We could use malt extract.  This is essentially wort made in a dedicated facility,  then concentrated, often under reduced pressure. We can buy it in big jugs (or in IBCs, if you want).  This is a pretty good way of going about it.  Obviously, you want to get most of your gravity from the contents of your mash tun, but in most strong beers, in my experience, we can go up to 20% malt extract without spoiling things.  Of course, 50kg of malt extract is hard to handle (it's terribly sticky and difficult to pour out for a start), but it can help make a reasonable amount of high-gravity wort without requiring more malt than would fit in the MT.

Malt extract has got a bit of a bad name among homebrewers.  The reasons are various, so I'll limit myself to pointing out that stuff that's been sitting in tin cans for months on warehouse shelves doesn't compare with the stuff that a commercial brewer will use.

We could add sugar.  This might be glucose, or even plain sucrose (which we can buy in big sacks from just down the road).  Of course, because these sugars are pretty much 100% fermentable, the resulting beer will be drier  (i.e. have less residual sweetness and a less heavy body) than an all-malt ,or malt extract, beer of the same alcoholic strength would be. Now sometimes, we'd want a beer to be lighter and drier - it goes to drinkability, which is why the the history of modern British brewing is, in a sense, a history of sugar.  Strong Belgian beers are marked by their use of sugars, it's that digestability thing, innit?

Again, homebrewers have reported all kinds of unpleasant effects which they put down to the use of sugar.  Of course, they've typically added a high proportion of sugar to a crappy malt-extract based kit (see above) and then bunged some crappy half-dead yeast into it, so I think we can safely discount most of that.

Because these tricks (adding sugars or malt extract) would enable us to get either stronger beer, or more beer, out of the same size kit, they're often called brewlength extenders.

We could, if we wanted to, add enzymes. Malt, of course, brings its own enzymes with it. (That's the point of malt).  But if we were using significant quantities of non-malt grain, we might choose to supplement with stuff from a bottle. Enzymes are often used in the MT to help get good conversion (starch into sugars) if we're brewing with a lot of, say, rice or maize. You generally find the enzymes called amylases used in this way. But these aren't the enzymes I'm interested in here.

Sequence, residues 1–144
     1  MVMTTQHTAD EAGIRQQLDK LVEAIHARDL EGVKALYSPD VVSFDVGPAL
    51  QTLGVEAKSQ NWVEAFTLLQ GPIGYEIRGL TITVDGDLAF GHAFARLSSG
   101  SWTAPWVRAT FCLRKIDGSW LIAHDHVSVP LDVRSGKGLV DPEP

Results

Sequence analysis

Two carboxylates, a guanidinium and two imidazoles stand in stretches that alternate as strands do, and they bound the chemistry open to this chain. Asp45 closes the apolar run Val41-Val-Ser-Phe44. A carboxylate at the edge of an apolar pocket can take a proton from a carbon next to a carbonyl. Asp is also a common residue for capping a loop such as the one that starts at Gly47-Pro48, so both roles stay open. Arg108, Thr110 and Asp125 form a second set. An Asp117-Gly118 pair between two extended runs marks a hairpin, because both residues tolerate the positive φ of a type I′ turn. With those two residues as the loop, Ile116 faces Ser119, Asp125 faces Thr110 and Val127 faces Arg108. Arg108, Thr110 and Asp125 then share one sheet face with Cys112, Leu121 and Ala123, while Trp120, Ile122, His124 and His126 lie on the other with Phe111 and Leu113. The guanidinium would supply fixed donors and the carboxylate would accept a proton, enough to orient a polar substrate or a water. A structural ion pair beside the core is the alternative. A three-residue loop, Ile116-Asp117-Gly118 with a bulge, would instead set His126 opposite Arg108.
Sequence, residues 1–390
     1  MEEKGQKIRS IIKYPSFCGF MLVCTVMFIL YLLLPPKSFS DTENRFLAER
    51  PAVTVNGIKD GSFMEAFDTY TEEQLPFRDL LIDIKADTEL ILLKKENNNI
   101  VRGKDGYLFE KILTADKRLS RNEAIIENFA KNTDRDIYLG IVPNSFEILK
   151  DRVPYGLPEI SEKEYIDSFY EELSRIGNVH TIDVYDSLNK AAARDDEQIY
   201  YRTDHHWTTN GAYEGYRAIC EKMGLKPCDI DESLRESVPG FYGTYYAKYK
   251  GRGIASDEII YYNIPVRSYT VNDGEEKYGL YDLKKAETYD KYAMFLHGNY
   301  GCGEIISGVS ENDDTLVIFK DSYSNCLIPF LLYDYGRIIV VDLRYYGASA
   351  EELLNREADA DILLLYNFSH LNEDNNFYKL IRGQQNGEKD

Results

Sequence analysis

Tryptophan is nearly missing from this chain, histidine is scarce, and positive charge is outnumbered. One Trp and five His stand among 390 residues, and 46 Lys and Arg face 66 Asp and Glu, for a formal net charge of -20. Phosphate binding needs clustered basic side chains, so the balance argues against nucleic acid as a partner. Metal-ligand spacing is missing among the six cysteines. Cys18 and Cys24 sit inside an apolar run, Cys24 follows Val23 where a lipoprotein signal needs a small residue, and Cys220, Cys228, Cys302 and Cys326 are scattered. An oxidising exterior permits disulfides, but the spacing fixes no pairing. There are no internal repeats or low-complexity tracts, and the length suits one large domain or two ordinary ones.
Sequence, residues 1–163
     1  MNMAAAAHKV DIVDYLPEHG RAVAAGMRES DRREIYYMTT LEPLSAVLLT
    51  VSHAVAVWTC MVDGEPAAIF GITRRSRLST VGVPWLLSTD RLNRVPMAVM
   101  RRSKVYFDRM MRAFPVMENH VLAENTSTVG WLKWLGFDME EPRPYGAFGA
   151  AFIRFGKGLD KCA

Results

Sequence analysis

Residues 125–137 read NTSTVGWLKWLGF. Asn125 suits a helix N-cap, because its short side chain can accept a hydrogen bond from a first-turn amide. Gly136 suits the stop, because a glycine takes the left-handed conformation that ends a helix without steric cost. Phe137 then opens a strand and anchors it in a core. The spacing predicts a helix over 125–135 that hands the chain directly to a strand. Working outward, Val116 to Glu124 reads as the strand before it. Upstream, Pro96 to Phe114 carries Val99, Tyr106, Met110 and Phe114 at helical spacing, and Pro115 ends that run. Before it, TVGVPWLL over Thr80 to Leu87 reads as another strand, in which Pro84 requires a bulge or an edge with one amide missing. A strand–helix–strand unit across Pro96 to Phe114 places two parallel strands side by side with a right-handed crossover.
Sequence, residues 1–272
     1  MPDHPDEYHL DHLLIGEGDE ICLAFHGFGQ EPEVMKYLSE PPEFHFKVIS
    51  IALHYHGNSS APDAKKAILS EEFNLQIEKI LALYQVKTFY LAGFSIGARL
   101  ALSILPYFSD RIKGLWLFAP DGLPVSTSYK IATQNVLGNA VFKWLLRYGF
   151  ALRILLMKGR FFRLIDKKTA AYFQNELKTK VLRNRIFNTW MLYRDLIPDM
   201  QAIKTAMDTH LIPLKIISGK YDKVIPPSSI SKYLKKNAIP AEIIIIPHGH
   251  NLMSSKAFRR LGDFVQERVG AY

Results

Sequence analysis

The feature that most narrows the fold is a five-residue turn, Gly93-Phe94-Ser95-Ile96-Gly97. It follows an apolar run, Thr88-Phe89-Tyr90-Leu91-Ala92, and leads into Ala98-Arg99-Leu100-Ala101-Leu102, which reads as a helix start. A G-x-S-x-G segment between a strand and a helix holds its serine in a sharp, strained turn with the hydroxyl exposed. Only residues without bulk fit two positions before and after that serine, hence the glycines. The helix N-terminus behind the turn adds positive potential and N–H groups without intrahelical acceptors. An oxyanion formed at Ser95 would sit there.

When we boil our wort we effectively fix its sugar composition.  We destroy (or, technically, denature) the mash enzymes, so that the proportion of fermentable and non-fermentable components stays the same (until the yeast gets to work).  But we can, if we choose, add enzymes after the boil, in the fermenter or in a conditioning tank.  There are a few options open to the brewer who opts to follow this path, but the basic idea is that these enzymes break down the unfermentable "dextrins" and release fermentable sugars such as glucose. Upon which the yeast proceeds to chow down.  So it's the same basic idea as adding glucose.

There's a few gotchas associated with post-boil enzymes, following on from the fact that the sugar composition of our wort has been, now, unfixed:
Unless we pasteurise the beer these enzymes are going to carry on working until there are effectively no sweetening and body supporting dextrins left. None, nada, zilch, absolutely F.A. Hence, a fearsomely dry, thin, beer.
Also, in packaged products that contain live yeast, since fermentable sugars can continue being released by enzyme activity for quite some time (months?), there's a real danger of overconditioning. 

So, given that post-boil enzymes are difficult to control, somewhat risky, and can't produce better effects than adding, say, glucose, why would anyone use them?  In some cases, I suspect it's little more than marketing bullshit. We'd be able to say, "Look, here's a strong beer we made with only malt - no malt extract or sugar added!", conveniently neglecting to mention the Amyloglucosidase derived from a selected strain of Aspergillus.

But why set out to make a remarkably strong beer anyway?  I'm broadly in agreement with HardknottDave in his rhapsody on one of his own beers, strong beers do offer flavours that you just don't get in their smaller bretheren. We're not ashamed or afraid of alcohol, so don't see any need to make a beer weaker than it need be.  At the same time, I feel that we get into diminishing returns around 10% - and this is just a personal taste thing.  Over that level of alcohol, hot, even burny tones are difficult to avoid. Very strong beers are often too sweet, which I don't like, but that's probably better than them being burny with alcohol and too dry. I'm sure there are brewers who can pull it off, but I can't think of any off the top of my head. I'm sure extended (and I mean extended) aging will pull some of these beers together, but who's got time for that nowadays.  Again, it's often down to marketing bullshit